Advanced technology being developed by a global consortium of companies and academic institutions could revolutionise the use of industrial additive manufacturing – also known as 3D printing – in the UK, bringing the advanced manufacturing of high-value components for key industries to the country for the first time.
The Evo One ‘large format additive manufacturing’ (LFAM) project – which involves 3D printing experts Evo-3D; the National Manufacturing Institute Scotland (NMIS) operated by the University of Strathclyde and part of the High Value Manufacturing Catapult (HVMC); Rolls-Royce; materials supplier Filamentive; software developer AI Build; and energy technology company Baker Hughes – are developing a 3D printer system that could make UK manufacturers more competitive than their international peers. The initiative has received £1.1 million in funding from Innovate UK, the UK’s innovation agency
LFAM is a commercial 3D printing technique that creates large volume polymer components, used in a variety of industries including aerospace, automotive, energy, and marine. While countries like the USA, Germany, and China have embraced this approach, there are currently no manufacturers of large format 3D printers in the UK and the country only accounts for around 5% of the global additive manufacturing market, which the UK government aims to increase to 8% by 2025.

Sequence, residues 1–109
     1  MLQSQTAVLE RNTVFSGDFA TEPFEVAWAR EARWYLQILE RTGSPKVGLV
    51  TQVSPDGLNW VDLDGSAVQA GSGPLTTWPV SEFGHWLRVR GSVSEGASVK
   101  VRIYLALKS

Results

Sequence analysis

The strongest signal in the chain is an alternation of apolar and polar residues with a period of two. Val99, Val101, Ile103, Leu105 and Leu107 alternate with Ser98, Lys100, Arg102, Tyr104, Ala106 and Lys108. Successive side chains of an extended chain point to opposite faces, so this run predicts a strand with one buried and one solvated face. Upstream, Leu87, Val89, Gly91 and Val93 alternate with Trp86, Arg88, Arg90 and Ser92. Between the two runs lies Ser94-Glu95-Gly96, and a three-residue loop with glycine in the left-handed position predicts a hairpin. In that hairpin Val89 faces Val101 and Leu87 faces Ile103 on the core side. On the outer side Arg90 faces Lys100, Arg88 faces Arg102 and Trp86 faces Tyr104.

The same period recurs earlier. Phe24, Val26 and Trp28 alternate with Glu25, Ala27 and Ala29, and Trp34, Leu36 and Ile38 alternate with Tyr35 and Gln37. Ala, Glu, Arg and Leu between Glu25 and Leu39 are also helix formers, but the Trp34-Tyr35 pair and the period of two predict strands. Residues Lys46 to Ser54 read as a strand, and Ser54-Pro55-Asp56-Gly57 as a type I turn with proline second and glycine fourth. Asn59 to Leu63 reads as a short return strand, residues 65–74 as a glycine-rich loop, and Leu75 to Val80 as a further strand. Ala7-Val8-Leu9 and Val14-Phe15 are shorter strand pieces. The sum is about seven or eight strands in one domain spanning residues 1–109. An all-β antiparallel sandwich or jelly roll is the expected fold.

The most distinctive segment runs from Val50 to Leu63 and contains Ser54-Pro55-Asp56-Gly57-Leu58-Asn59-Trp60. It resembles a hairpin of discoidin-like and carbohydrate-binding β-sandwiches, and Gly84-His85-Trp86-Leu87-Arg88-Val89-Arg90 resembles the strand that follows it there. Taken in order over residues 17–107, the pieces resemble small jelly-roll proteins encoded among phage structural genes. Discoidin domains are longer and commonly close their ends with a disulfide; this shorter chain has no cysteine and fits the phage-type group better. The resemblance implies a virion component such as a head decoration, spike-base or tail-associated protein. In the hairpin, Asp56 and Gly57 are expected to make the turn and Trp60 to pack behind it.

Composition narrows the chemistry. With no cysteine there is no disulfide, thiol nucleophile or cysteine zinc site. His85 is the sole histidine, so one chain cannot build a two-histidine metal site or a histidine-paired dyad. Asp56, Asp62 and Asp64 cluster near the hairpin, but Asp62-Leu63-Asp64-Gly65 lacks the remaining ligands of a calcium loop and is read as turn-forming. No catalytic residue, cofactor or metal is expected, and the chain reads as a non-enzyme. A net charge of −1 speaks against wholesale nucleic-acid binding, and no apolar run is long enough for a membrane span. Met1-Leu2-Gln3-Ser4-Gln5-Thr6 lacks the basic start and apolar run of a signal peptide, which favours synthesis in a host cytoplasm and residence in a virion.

Access to the right technologies will be a crucial part of achieving that aim, but existing LFAM systems have their limitations. These include slow build times, being unsuitable for high-value or high-integrity parts, operational complexity, use of unsustainable materials, and being unaffordable to small and medium-sized companies.
The new product being developed through Evo One LFAM will address the challenges associated with these systems and cater to the specific needs of the UK Market. The system’s design team is aiming to make it 60% more reliable, achieve a 50% increase in productivity, reduce training and maintenance costs by 30%, and cut material waste by 80%, among a range of other improvements.
On the project’s completion, Evo-3D will launch a spin-out business to commercialise the system, called RapidFusion, creating the UK’s first original equipment manufacturer (OEM) in LFAM. Its development would also create the foundation on which a new supply chain can be built, re-shore critical manufacturing capabilities, and help more UK manufacturers take advantage of the opportunities presented by Industry 4.0 – the fourth industrial revolution.
Extracted from NMIS website, read more here